- Improve access to affordable hearing aids, assistive listening devices, and other hearing assistive technologies.
- Collaborate with manufacturers and policymakers to reduce the cost of hearing devices and promote insurance coverage for hearing-related services.
Professional Training and Capacity Building:
- Enhance training programs for healthcare professionals, audiologists, and hearing care specialists to ensure accurate diagnosis, appropriate treatment, and ongoing care for individuals with hearing loss.
- Encourage research and innovation in audiology to develop new treatments, technologies, and interventions.
Supportive Policies and Regulations:
- Advocate for the development and implementation of policies that prioritize hearing health, including noise regulations, occupational safety standards, and school-based hearing health programs.
- Support legislative efforts to include hearing healthcare in public health initiatives and insurance coverage.
- Foster collaboration between government agencies, healthcare providers, educational institutions, non-profit organizations, and industry stakeholders to establish a comprehensive ecosystem for addressing hearing loss.
- Encourage partnerships to conduct research, share resources, and develop effective strategies for prevention, early intervention, and treatment.
Community Engagement and Empowerment:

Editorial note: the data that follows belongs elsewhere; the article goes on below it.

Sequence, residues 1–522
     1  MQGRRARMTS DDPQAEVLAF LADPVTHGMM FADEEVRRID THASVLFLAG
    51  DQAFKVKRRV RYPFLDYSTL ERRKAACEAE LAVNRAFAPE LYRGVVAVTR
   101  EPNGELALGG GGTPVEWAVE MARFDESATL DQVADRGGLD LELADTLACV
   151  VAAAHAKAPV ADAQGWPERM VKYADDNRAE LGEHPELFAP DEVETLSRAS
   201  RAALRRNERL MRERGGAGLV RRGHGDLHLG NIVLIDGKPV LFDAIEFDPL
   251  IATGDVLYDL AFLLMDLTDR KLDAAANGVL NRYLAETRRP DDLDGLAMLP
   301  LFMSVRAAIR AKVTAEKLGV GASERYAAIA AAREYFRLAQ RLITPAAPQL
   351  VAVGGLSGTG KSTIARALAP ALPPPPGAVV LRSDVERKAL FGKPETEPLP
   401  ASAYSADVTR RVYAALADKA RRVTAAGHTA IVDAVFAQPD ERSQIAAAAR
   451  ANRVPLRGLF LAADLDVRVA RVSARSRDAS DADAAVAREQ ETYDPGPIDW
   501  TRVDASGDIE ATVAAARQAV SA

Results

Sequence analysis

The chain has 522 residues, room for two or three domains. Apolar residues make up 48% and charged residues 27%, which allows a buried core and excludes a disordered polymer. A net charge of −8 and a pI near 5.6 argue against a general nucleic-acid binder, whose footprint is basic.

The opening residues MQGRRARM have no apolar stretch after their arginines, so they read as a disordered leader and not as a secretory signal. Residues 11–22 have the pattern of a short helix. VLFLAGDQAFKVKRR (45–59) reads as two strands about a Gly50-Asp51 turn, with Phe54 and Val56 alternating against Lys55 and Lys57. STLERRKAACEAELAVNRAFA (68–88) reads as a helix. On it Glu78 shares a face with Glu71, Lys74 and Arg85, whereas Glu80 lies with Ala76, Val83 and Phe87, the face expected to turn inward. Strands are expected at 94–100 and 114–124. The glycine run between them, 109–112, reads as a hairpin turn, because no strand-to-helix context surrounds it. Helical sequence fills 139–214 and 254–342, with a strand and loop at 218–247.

- Engage local communities by organizing support groups, educational workshops, and awareness events.
- Involve individuals with hearing loss and their families in decision-making processes and empower them to advocate for their rights and access to quality care.
Data Collection and Surveillance:
- Establish a robust data collection system to monitor the prevalence, causes, and impact of hearing loss.
- Use data to identify at-risk populations, measure the effectiveness of interventions, and inform evidence-based policies and programs.
- Match most other chronic conditions by developing and promoting an easily accessible platform for individuals to use to ask questions, share experiences and provide advice. Lack of such a peer-to-peer network represents current deficit in hearing health.
By combining these strategies, it should be possible to establish a comprehensive ecosystem that addresses the public health problem and promotes better hearing health for all individuals. That’s well stated, providing a good summary and check list. A deeper dive, no doubt, would reorganize the list somewhat, ranking certain elements quite highly and well advanced while others as barely evident.
Building out the Ecosystem – an Imperative for Hearing Health
A systems approach will recognize that managing the process leading to better performance is tricky. It would involve a much greater degree of coordination and collaboration among stakeholders than at least I observe presently to ensure the delivery of effective care, support and research. And let’s remember that there is no centralized authority to take on and oversee such an enterprise.
Speculating further, one could foresee a need to rely on several mechanisms to facilitate its management including key aspects like…
- Intensifying research collaboration between researchers, academic institutions, and hearing related companies collaborating on studies and clinical trials to advance knowledge and treatment options for hearing.